Diné siblings Justin and Tia Pioche strive to serve the Four Corners area high-quality meals from their food truck, Pioche Food Group.
Picohe Food Group, or PFG, is a Navajo-owned and -operated food company that started providing high-quality meals in 2019 and became a business in 2020. The goal is to promote Navajo history, culture, and traditional practice to Diné communities.
Justin Pioche, an executive chef for PFG, started his culinary career at 17 when he joined the Farmington Mexican restaurant, Francisco’s. At the restaurant, he was mentored in fine dining and noticed the head cook managed the kitchen like a French chef.
Learning about fine dining from Francisco’s staff, led Pioche to enroll in a culinary program at Central New Mexico Community College located in Albuquerque.
Pioche disenrolled from the school after a semester because he disliked how classes were only twice a week and cooking didn’t happen. He returned home in hopes of becoming a rock star.
“We had a band called April O’Neil,” he said. We were getting popular in the Four Corners area. It was cool, but my mom sat me down and said, ‘Is this going to pay your bills?’”
His mother steered him toward pursuing a career in the culinary field and encouraged him to pursue a degree in culinary arts at the Arizona Culinary Institute in Scottsdale.
“Most schools, you are in classes for six months before you touch a knife, this school, you were in the kitchen the first day,” he said, “Half-day in the books and half-day in the kitchen. I graduated from there, and it was awesome.”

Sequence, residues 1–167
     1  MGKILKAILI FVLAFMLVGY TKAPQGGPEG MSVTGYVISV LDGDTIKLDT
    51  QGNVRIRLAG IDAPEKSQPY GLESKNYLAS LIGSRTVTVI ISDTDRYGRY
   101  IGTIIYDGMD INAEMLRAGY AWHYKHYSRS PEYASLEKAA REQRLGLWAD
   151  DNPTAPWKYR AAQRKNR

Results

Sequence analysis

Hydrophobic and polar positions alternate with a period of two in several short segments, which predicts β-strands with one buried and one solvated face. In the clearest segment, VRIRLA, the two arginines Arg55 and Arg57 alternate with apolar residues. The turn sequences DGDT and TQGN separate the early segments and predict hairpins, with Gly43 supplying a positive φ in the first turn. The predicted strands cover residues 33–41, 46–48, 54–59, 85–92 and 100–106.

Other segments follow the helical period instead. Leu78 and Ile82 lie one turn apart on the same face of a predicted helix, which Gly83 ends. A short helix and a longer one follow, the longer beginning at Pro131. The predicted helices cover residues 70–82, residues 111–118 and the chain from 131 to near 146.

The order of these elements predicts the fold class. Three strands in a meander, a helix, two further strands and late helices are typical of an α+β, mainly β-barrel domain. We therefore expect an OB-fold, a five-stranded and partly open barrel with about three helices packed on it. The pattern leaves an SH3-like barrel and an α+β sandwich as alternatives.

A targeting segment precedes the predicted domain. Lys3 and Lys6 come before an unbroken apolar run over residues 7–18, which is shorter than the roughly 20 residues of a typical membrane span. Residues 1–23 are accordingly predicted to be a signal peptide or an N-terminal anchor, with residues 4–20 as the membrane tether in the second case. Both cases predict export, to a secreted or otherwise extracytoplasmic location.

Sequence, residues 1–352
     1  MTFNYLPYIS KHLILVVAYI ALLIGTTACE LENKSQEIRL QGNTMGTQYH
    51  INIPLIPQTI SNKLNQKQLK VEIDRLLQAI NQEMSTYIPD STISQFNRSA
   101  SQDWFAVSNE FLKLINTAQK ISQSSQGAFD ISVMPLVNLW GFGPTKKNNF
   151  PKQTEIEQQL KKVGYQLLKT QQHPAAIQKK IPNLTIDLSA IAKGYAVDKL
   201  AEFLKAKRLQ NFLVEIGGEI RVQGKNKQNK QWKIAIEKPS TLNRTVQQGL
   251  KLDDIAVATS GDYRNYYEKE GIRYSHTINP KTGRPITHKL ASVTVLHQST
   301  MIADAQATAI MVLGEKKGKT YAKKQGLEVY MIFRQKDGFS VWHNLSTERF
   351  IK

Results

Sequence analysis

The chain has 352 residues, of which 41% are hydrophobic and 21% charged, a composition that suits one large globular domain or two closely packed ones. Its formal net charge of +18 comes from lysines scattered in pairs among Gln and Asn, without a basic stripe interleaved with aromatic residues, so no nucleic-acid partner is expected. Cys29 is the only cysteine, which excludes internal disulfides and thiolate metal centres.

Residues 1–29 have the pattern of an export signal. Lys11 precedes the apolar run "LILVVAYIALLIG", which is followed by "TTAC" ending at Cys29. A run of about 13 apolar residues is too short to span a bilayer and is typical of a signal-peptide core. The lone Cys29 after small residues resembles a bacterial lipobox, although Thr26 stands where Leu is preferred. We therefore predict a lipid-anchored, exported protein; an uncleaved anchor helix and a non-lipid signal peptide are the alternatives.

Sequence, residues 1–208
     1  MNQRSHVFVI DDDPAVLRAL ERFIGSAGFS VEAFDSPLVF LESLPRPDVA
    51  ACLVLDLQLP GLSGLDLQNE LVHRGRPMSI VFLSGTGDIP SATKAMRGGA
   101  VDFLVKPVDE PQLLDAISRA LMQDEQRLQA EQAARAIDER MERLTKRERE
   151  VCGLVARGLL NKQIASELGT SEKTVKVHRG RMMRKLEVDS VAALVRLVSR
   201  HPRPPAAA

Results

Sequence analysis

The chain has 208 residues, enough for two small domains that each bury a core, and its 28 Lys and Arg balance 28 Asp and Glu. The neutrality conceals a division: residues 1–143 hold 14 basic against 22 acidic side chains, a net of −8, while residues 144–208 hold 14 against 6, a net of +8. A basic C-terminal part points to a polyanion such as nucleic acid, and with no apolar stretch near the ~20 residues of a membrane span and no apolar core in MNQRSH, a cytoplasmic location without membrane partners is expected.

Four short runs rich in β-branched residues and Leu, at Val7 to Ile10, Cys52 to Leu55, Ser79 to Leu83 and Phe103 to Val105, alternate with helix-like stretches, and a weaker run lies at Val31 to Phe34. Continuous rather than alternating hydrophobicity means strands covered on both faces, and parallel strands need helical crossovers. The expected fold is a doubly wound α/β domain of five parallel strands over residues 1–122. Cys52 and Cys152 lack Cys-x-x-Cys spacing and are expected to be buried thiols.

Creating culinary craft
Once he graduated from Arizona Culinary Institute in 2014, Pioche’s culinary career started.
He worked in various fine dining Phoenix restaurants, such as Elements at Sanctuary in Camelback and Blinkey’s Restaurants in Phoenix.
At each restaurant, head chefs Kevin Blinkey and Beau MacMillan taught Pioche about the food business and helped him become creative with his culinary craft. He moved back to Upper Fruitland and worked at chain restaurants in Farmington.
“It made me sad because we were cooking the same thing every day,” he said, “There was no room for any changes or creativity whatsoever. I became really depressed.”
When Pioche got the opportunity to go on a trip to Israel, he started hosting pop-up dinners to raise money for his trip. He called his temporary business “Pioche-S Catering,” and served fine dining to his customers.
When he returned from his trip, he and his sister, Tia Pioche, decided to continue with pop-up dinners in the Four Corners area.
“My sister and I were like, ‘Why don’t we make this a thing,’” he said, “We came up with the name Pioche Food Group.”
Tia started working in the food business when she was 10 years old by helping her older brother with his catering. When she turned 18, she entered the food industry as a hostess, moving through different positions such as server, manager, and trainer.
As Pioche Food Group started to grow, Tia left her job and focused on PFG. Tia said she has no plans on becoming a professional cook herself as she wants to focus on the PFG’s hospitality aspects.